- min_edge_cover(G, matching_algorithm=None)[source]#
Returns the min cardinality edge cover of the graph as a set of edges.
A smallest edge cover can be found in polynomial time by finding a maximum matching and extending it greedily so that all nodes are covered. This function follows that process. A maximum matching algorithm can be specified for the first step of the algorithm. The resulting set may return a set with one 2-tuple for each edge, (the usual case) or with both 2-tuples
(v, u)for each edge. The latter is only done when a bipartite matching algorithm is specified as
- GNetworkX graph
An undirected graph.
A function that returns a maximum cardinality matching for
G. The function must take one input, the graph
G, and return either a set of edges (with only one direction for the pair of nodes) or a dictionary mapping each node to its mate. If not specified,
max_weight_matching()is used. Common bipartite matching functions include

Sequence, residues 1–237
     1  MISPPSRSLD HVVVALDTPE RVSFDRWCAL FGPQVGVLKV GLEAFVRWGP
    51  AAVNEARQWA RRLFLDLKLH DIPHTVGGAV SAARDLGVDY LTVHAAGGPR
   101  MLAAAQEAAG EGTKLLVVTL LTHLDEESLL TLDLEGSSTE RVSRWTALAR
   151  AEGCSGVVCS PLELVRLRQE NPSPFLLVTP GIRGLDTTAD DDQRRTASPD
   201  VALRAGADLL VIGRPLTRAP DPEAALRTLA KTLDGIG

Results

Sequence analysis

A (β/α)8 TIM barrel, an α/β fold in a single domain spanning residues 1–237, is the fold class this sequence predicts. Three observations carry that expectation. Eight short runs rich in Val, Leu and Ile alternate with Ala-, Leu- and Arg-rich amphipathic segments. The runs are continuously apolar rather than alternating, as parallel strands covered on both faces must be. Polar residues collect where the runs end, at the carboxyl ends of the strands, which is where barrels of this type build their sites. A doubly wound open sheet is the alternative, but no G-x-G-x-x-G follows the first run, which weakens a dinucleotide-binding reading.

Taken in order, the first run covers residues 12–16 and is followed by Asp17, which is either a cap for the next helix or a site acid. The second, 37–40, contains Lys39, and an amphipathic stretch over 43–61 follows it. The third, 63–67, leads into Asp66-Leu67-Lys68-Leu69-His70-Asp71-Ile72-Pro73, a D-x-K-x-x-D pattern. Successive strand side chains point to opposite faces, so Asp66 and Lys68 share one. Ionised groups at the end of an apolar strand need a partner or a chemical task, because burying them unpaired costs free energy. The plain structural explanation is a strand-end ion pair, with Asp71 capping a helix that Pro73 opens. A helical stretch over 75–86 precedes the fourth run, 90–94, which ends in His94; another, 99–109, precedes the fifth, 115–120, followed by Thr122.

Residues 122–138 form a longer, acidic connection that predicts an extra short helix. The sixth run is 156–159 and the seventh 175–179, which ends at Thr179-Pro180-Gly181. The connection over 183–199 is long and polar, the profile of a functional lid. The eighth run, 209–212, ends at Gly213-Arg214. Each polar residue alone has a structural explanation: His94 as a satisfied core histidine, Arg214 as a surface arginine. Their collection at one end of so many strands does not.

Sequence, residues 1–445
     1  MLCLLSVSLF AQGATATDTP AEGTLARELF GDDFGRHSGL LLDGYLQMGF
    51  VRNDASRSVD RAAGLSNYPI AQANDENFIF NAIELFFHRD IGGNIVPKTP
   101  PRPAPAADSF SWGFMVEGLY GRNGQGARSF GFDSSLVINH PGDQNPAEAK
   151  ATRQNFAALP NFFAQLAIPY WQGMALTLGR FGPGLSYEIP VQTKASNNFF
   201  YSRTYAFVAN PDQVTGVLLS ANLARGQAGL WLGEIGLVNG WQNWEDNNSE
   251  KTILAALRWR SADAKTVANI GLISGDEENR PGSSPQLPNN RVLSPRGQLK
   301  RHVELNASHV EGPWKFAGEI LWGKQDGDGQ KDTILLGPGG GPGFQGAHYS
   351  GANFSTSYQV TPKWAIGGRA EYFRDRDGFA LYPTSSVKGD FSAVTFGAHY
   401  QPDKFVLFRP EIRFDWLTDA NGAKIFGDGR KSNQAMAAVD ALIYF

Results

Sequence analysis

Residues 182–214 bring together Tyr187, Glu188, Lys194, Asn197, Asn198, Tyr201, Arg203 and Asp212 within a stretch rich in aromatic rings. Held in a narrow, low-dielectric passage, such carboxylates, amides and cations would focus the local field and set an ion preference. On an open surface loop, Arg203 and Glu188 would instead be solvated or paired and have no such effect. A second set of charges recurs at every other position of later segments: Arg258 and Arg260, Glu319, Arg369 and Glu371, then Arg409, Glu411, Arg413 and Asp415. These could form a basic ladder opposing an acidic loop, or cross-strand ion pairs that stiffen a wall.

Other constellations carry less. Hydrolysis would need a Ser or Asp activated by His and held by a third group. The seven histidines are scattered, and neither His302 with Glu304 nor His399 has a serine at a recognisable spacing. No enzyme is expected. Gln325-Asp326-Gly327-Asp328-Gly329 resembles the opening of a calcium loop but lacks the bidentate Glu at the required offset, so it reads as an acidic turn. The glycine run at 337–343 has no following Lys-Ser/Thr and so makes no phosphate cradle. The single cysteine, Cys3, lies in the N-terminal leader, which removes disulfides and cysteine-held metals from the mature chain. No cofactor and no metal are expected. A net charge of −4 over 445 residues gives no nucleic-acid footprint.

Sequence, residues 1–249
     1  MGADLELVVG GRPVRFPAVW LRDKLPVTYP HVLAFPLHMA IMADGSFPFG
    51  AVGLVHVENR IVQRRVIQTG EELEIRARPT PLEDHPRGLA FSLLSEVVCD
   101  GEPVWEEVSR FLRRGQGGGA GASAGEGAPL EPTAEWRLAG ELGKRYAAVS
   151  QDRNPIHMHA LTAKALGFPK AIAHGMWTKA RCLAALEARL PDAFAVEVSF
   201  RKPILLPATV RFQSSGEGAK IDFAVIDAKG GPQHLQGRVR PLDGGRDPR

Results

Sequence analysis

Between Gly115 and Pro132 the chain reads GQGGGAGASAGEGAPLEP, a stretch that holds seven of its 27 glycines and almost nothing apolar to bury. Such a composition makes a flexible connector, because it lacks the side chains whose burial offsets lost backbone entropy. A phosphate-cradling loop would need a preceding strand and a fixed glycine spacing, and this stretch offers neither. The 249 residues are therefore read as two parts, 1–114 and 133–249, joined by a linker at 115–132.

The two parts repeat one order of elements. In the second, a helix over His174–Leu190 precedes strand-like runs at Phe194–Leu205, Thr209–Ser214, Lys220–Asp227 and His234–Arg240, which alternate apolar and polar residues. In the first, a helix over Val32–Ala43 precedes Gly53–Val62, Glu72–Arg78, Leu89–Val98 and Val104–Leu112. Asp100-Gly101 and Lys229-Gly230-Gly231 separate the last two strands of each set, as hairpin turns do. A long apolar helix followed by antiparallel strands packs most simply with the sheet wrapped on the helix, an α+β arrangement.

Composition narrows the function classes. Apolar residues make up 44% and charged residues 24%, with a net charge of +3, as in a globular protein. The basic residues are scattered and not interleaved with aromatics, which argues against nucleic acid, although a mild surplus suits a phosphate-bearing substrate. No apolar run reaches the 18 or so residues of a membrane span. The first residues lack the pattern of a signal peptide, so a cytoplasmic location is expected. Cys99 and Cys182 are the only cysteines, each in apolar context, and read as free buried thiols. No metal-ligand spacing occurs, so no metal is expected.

A set of the edges in a minimum edge cover in the form of tuples. It contains only one of the equivalent 2-tuples
(v, u)for each edge. If a bipartite method is used to compute the matching, the returned set contains both the 2-tuples
(v, u)for each edge of a minimum edge cover.
An edge cover of a graph is a set of edges such that every node of the graph is incident to at least one edge of the set. The minimum edge cover is an edge covering of smallest cardinality.
Due to its implementation, the worst-case running time of this algorithm is bounded by the worst-case running time of the function
Minimum edge cover for
Gcan also be found using the
networkx.algorithms.bipartite.coveringwhich is simply this function with a default matching algorithm of
>>> G = nx.Graph([(0, 1), (0, 2), (0, 3), (1, 2), (1, 3)]) >>> sorted(nx.min_edge_cover(G)) [(2, 1), (3, 0)]